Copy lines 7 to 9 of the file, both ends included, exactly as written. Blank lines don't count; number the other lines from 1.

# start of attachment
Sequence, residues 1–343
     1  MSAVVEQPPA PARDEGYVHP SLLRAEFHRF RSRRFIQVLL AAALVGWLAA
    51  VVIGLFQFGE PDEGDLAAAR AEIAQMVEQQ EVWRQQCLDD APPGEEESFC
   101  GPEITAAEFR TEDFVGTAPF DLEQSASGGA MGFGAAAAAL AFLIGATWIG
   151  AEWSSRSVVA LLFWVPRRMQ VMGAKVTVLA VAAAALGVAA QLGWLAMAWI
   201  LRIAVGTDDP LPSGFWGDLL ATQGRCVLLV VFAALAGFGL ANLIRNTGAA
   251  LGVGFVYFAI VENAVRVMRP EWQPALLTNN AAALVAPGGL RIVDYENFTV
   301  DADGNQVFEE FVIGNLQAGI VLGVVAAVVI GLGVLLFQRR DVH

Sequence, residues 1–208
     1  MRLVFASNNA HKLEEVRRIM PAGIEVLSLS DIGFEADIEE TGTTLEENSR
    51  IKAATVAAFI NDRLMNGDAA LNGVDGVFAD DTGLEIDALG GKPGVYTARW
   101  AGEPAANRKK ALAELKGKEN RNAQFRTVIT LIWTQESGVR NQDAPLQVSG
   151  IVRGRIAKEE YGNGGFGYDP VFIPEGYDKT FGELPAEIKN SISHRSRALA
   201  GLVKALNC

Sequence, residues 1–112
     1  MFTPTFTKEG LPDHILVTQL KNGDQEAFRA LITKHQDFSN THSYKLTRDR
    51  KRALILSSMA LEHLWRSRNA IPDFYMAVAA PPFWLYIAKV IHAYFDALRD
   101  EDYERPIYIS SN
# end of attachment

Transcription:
   251  LGVGFVYFAI VENAVRVMRP EWQPALLTNN AAALVAPGGL RIVDYENFTV
   301  DADGNQVFEE FVIGNLQAGI VLGVVAAVVI GLGVLLFQRR DVH

Sequence, residues 1–208